What Does a Director of Curriculum and Instruction Do?
The Director of Curriculum and Instruction role comes with plenty of responsibility and you will likely report directly to the Head of the College.
The Director of Curriculum and Instruction’s main responsibility is to provide strategic leadership and effective management of performance for curriculum. The role requires an individual to deliver an efficient curriculum that meets key stakeholder and student needs.
Along with the other directors, the Director of Curriculum and Instruction must be familiar with the latest developments in the FE sector. This will involve ensuring that the college’s curriculum is line with government strategy.
To be considered for the Director of Curriculum and Instruction role, you will be required to have an in-depth knowledge of: large-scale strategic and operational leadership, driving curriculum design improvements and leading delivery teams.
Another key responsibility of the role is to anticipate the risk, challenges and opportunities regarding the College’s curriculum. The role will also involve taking the lead in the setting of key performance targets around student recruitment, learning behaviour, attainment and progress.
You’ll be expected to oversee the development of external work experience and entrepreneurialism within curriculum areas. The role also requires excellent communication skills given you’ll be working with managers to ensure a high-quality teaching, learning and assessment environment.
The Director of Curriculum and Instruction role will include making sure that the curriculum offers the unobstructed route to meaningful student destinations in higher education and work.
The curriculum transition period for FE and Skills providers was extended to July 2021, according to Sean Harford, National Director for Education at Ofsted in February 2020. He said: “We know that a great curriculum does not just appear perfectly formed overnight. It takes a great deal of thought, preparation and work to plan it.”
Ofsted inspectors will be looking at colleges to:
· broaden the curriculum, ensuring it is “at least as broad, deep and ambitious as the national curriculum”
· identify what students should know by the end of each term
· use assessment to address gaps in students’ knowledge
· identify the important knowledge in each subject
· and plan how knowledge should be sequenced.
Example Career Routes
To highlight that one size certainly does not fit all, Steve McAloone, Director of Curriculum, Technical and Adult Learning at Furness College, left school at 16 and took an apprenticeship in the shipyard in Barrow. After 12 years in the retail sector and a number of jobs in the FE sector, including roles encompassing learning support and lecturing, McAloone became a Curriculum Manager.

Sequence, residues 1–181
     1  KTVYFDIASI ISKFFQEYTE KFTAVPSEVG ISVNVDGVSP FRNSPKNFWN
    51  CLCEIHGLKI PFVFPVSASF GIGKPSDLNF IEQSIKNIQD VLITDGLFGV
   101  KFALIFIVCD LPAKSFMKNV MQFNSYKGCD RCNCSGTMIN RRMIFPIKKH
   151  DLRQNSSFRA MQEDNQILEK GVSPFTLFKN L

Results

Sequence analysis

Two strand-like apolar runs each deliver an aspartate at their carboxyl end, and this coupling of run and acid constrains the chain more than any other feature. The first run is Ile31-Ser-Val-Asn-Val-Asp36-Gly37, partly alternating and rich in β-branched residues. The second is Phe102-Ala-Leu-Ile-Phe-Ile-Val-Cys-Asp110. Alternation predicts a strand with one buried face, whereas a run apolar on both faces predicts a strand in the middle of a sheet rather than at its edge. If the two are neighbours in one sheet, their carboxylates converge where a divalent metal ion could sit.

Meanwhile, Dean Vaughan, Assistant Principal at West London College, took a different route, working in the FE sector for almost 30 years. He became Assistant Principal at Hammersmith and Fulham College in 2015, before moving on to become Director of Curriculum in 2017 and then to his current position.
To become a Director of Curriculum and Instruction, you’ll need a minimum level 2 in maths and English, a postgraduate teaching or education qualification or certificate in education and a degree or relevant professional qualification.
What's the Difference Between Assistant Director, Director and Executive Director of Curriculum?
Both the Director of Curriculum and the Assistant Director of Curriculum sit on senior management team, as evidenced at Southern Regional College. The Assistant Director plays a crucial role in supporting the Director in their duties. The performance of the Assistant Director in this role will be evaluated by the Director.
Executive Directors take part in the day-to-day running of the college, while Directors form part of the board involved in the important decision making. Executive directors are generally at the head of the board, functioning as “both manager and leader of the board”.
Things to Consider About Leadership
Further Education Trust for Leadership-funded research found that the ‘big leadership’ conversation requires the following:
· A shared framework of leadership to facilitate a coherent discussion.
· Individual engagement and investment
· Building networks across organisations.
· Size of group.
· Designing platforms.
· From local to global and back.
· The medium is the message.
Reforms of the further education (FE) sector have been initiated by the government in recent years. A key part of the changes is to “ensure that FE teachers, leaders and governors are of high quality and are high performing”.
Research undertaken by the Department for Education shows that the high performing colleges in the UK are propelled by “principals and chief executives highly skilled in using flexible forms of leadership and sensing and responding to the complex and changing contexts in which FE providers operate”.
Following the Evidence
Chris Davies, director of curriculum at South Staffordshire College, says that his role demands leading an evidence-based approach to a college-wide problem.
Speaking of his role, he justifies his decision to align central administrative staff with curriculum areas on the various campuses by the evidence backing this up — a study found 40% of non-teaching staff time was spent on things other than teaching.
Davies underlines a key mantra of identifying a problem that affects the learning of students and then strengthen knowledge through evidence.